Barack Obama’s book
I have been reading Barack Obama's first book, Dreams from My Father — skipping rather rapidly through the second half of it because it was due to be returned to my public library and I didn't give myself time to read it properly, an omission soon to be repaired. Many commentators on both sides of the Atlantic have been very considerably impressed by this book (written, of course, before Sen. Obama launched his candidature for the Democratic Presidential nomination). So was I. It is a very striking chronicle of a deeply complex young man's journey from confusion and loneliness to self-knowledge and the discovery that he could relate the most unusual complexity of his ethnic make-up and upbringing to the state of the American nation and its future. Joe Klein, himself no slouch in the political writing department, is quoted in Wikipedia as having written in Time magazine that Dreams from My Father "may be the best-written memoir ever produced by an American politician." (Klein's article about Obama is worth reading in full. But of course so are many others like it.)
Many things about this book came as something of a surprise to me, despite my having already read so many articles about Obama (haven't we all?). Although his Kenyan father spent relatively little time with Barack jnr. before his death, he has obviously played a major role in his son's voyage of self-discovery — bigger than I had realised. So has Obama's awareness of the importance of Africa in his genes, and also his awareness that he differs materially from most other Afro-Americans in not being descended from slaves, in not having experienced the civil rights campaigns of the 1960s and 1970s, and in the immediacy of his African heritage. There are other significant things that set him apart from a vast majority of other Americans, white as well as black and brown: not least among them his upbringing in Hawaii and Indonesia as well as in the US, and his lengthy visits to Kenya to establish relationships with his African relatives. Such a cosmopolitan background, movingly and extensively described in Dreams, is evidently central to the person he has become, and it's so different from the American norm that his ability to inspire the empathy and affection of millions of ordinary Americans is the more remarkable.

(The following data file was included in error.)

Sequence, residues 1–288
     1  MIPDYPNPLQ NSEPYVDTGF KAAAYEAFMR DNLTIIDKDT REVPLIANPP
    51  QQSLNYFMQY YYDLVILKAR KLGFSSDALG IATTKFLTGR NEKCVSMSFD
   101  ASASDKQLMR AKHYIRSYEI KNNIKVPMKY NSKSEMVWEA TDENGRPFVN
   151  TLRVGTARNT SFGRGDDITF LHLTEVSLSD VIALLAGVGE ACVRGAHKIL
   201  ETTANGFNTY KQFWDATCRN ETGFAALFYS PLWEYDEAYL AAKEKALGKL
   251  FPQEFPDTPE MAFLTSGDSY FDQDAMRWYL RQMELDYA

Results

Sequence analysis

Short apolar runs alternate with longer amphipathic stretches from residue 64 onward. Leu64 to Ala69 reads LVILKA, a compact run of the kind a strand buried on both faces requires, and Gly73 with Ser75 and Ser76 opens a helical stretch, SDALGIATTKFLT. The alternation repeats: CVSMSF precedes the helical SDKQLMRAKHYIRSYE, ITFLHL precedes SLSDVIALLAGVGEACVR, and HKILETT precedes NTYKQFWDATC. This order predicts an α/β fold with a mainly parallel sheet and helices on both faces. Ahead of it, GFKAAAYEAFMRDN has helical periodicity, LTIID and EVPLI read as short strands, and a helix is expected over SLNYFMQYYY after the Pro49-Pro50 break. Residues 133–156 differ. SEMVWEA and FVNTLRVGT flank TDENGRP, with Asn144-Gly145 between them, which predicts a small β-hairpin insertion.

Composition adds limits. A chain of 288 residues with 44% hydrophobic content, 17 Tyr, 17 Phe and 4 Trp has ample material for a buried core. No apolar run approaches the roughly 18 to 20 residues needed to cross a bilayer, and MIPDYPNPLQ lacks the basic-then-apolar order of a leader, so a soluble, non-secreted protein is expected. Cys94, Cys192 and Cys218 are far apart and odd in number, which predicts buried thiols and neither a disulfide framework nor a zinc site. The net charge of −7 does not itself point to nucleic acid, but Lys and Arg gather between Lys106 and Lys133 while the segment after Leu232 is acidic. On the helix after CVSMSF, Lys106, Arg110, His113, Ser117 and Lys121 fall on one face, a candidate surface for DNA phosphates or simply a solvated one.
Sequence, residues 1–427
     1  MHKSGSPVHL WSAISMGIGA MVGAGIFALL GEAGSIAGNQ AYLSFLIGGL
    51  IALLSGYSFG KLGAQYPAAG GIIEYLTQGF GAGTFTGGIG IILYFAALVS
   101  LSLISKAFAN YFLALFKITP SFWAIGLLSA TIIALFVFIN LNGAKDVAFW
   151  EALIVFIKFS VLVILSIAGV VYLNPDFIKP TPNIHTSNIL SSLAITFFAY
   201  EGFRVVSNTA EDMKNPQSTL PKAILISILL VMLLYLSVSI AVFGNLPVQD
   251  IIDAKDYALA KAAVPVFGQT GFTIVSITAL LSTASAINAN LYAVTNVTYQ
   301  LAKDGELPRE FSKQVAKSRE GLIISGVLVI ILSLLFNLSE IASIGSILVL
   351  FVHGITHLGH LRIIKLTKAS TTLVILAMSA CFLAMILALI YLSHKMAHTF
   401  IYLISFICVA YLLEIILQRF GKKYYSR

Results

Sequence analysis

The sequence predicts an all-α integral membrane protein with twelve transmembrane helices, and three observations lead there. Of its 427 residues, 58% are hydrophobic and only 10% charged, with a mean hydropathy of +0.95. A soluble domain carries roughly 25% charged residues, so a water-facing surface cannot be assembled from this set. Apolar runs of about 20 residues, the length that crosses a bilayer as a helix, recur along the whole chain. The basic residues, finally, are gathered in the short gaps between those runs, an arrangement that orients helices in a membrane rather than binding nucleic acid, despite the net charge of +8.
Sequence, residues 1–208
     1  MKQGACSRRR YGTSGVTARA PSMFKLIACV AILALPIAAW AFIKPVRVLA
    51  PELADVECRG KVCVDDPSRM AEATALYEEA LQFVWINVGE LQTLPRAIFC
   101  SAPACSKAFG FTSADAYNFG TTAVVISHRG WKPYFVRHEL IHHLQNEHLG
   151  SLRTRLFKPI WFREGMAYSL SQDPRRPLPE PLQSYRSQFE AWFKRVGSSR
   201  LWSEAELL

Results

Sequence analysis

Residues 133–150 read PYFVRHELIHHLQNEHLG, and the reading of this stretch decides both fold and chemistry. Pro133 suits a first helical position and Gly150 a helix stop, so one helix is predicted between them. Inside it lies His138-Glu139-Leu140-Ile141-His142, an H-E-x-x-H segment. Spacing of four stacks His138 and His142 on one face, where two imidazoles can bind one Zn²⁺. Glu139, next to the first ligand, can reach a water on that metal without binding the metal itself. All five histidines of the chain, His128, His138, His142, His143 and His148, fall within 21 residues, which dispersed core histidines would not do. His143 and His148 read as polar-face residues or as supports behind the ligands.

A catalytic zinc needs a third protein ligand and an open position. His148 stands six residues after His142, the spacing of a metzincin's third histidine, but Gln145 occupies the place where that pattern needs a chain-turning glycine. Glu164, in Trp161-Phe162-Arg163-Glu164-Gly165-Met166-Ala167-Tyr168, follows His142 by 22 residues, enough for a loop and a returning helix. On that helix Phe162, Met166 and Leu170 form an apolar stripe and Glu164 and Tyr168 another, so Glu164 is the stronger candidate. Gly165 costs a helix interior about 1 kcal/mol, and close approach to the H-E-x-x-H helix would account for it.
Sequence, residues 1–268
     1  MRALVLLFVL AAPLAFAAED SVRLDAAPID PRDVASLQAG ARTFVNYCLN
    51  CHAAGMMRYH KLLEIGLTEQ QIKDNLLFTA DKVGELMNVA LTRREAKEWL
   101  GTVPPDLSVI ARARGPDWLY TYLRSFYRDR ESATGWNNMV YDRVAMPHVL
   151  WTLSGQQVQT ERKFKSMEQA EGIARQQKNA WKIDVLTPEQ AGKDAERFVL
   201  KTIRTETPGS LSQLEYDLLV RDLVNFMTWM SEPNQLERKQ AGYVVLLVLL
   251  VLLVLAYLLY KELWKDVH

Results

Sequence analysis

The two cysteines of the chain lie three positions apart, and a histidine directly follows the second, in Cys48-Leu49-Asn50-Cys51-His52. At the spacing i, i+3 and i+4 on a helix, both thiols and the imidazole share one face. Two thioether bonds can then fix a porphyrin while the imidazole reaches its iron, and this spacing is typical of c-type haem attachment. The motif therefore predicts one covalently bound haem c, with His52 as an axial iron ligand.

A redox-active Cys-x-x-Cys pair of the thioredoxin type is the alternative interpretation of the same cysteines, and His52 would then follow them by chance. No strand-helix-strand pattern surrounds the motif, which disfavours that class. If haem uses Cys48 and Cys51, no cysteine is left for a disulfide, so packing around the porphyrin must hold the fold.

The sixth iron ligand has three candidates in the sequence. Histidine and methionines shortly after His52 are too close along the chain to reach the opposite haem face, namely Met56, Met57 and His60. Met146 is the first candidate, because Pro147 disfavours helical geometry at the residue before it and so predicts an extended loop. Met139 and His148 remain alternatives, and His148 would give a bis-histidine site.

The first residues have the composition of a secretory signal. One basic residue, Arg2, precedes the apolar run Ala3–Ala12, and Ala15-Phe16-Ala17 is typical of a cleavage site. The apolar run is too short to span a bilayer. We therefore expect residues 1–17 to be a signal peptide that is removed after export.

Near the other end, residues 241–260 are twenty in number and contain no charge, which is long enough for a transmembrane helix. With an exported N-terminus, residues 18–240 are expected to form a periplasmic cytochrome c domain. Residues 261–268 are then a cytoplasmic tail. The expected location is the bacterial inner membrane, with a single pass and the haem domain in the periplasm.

At the same time, Obama's qualifications for the highest American political office are also impressively mainstream: Harvard Law School, editor of the Harvard Law Review, experience in the state Senate of a major State as well as in the US Senate, work as a community organiser in the most deprived areas of Chicago, a beautiful and brilliant wife and the obligatory pair of beautiful daughters. He writes revealingly and movingly in Dreams about his controversial relationship with the radical pastor, "Reverend Wright" (or as we in the UK would call him, the Reverend Jeremiah Wright), convincingly putting that issue into a positive perspective.
There are sixteen passages from Dreams on a website here which give something of the flavour of the book. Whether or not Barack Obama becomes the next President of the United States, his book is obviously required reading by anyone who wants to know more about this remarkable figure, who has emerged so unexpectedly from outside mainstream American politics, marginalising in a few months the woman who for the past two years or more has been the front runner for nomination as the Democratic Party's Presidential candidate, and placing himself in pole position to be the first black President of the United States.